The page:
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Podcast: Are Robots As Racist As We Are?

07/11/2016 11:55 AM IST | Updated 20/11/2016 9:18 AM IST
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Can you imagine a beauty contest in which the participants did not put on any make up, did not have a swimsuit round and did not give answers to the judges' questions? Well, then you probably haven't heard about Beauty.AI, which was a beauty contest judged by robots.

Out of the 44 winners, 36 were white and only a handful were Asian; only one of the winners had dark skin.

Yes, robots are now judging people according to pre-determined parameters — an idea that would have seemed far-fetched not so long ago. All the "contestants" had to do was upload selfies with conditions like they should not have any makeup on, there should be no facial hair and no glasses. After this the baton was handed over to the robots or, more accurately, Artificial Intelligence (AI).


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Artificial Intelligence is basically the intelligence exhibited by a machine. That is the ability of the machines to respond to humans. An good example such AI would be the chess games that we play online against a virtual opponent. Colloquially, the term "artificial intelligence" is applied when a machine does those functions that humans associate with other human minds, such as "learning" and "problem solving."

So, back to our beauty contest that was judged by AI. The contest was organised by a company from Russia called Youth Laboratories. They designed an AI system that was fed with algorithms to enable judging the contest. There were separate algorithms designed to look at wrinkles, facial symmetry, the amount of pimples and blemishes, race and perceived age. The system was fed photos of celebrities with supposedly beautiful and perfect faces to set a bar and then the contestants were judged according to that. To understand how the system worked, we need to understand the way the AI was built. For example, one of the parameters for judging the contest was symmetry of face. To that end, the system was fed hundreds of images of people with symmetrical and asymmetrical faces. Over time, the algorithm learnt how to identify a symmetrical face and when the participants sent their photos, the AI could accurately judge the symmetry of their faces. The idea of the contest was to find the people who are naturally beautiful, which is why no make-up was allowed for the photos the participants sent to the system.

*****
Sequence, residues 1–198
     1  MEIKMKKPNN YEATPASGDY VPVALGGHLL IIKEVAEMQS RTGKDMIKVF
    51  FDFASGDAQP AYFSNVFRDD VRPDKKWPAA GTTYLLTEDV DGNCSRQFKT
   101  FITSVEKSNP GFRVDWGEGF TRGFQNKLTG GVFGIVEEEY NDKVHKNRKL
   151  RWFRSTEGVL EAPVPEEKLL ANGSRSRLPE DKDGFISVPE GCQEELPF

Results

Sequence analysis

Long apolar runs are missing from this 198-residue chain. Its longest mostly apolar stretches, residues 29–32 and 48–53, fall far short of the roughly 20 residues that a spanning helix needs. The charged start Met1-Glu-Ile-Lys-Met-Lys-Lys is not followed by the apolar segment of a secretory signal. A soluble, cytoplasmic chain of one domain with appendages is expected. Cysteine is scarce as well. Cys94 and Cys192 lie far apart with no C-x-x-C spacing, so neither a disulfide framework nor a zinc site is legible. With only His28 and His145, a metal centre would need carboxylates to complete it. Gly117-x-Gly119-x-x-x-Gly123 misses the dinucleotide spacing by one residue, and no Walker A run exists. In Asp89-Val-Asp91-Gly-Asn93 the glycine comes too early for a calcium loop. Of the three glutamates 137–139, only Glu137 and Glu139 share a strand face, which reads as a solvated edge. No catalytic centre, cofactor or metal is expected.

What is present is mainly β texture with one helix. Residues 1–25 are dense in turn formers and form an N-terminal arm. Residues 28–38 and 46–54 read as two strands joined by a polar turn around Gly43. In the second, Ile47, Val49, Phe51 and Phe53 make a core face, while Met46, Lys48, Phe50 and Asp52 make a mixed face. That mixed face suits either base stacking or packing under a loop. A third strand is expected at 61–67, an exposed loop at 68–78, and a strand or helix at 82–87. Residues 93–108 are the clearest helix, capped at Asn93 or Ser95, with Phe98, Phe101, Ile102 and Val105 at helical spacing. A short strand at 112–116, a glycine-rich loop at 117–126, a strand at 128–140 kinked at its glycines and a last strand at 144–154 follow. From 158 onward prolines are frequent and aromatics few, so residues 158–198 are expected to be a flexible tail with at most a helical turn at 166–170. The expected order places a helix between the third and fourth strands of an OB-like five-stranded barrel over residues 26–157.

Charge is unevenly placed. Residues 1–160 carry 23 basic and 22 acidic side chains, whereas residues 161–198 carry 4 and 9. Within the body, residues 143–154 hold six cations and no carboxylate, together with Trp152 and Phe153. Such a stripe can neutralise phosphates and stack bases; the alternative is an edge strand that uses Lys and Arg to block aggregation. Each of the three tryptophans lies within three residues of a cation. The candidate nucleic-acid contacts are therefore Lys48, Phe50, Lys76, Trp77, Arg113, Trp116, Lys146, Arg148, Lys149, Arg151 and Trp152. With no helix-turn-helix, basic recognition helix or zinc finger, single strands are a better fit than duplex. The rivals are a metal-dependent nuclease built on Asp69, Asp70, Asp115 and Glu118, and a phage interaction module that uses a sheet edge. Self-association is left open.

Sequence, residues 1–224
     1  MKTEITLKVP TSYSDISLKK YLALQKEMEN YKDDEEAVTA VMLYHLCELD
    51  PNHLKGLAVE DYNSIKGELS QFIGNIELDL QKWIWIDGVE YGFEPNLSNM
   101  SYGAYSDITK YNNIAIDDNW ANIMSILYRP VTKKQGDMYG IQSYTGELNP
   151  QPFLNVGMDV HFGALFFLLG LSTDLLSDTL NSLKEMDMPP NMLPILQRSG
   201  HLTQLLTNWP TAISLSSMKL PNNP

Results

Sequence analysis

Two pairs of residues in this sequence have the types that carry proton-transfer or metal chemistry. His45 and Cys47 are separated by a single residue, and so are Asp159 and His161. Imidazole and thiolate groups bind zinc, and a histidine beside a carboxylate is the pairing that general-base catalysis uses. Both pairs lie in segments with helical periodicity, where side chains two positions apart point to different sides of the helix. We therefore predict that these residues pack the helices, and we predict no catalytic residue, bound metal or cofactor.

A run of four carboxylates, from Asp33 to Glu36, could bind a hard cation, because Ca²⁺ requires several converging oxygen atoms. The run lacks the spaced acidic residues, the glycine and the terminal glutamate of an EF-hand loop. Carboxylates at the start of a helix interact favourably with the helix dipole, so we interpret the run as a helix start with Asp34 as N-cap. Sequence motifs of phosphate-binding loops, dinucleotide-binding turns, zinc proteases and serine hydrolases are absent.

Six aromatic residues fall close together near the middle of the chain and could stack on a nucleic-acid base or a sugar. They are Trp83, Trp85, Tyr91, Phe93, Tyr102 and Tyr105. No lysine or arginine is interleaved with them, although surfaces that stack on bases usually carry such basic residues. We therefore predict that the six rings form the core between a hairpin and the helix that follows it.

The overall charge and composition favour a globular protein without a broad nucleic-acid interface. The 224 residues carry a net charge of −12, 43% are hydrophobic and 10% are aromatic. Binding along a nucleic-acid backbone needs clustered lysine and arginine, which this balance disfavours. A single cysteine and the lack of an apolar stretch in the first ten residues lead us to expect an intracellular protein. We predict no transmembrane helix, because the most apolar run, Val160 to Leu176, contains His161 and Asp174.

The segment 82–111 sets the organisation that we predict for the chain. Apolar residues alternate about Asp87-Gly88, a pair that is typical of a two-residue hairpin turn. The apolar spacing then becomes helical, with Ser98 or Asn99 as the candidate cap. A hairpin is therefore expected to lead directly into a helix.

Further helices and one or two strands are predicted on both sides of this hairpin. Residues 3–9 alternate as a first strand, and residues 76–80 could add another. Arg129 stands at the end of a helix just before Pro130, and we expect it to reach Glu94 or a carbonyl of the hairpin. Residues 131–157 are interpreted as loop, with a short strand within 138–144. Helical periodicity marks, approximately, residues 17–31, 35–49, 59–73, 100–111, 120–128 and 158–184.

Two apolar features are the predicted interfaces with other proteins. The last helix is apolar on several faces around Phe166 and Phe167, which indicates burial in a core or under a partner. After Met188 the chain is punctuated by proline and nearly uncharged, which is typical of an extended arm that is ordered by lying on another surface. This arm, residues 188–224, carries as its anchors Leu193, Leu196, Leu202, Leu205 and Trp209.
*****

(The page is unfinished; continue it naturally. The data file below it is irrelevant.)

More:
The contest seems fair and unbiased, right? But when the winners were announced, the robots surprised everyone with the results — out of the 44 winners, 36 were white and only a handful were Asian; only one of the winners had dark skin. Samanth Subramanian sets to find out the cause for the "racist" results.

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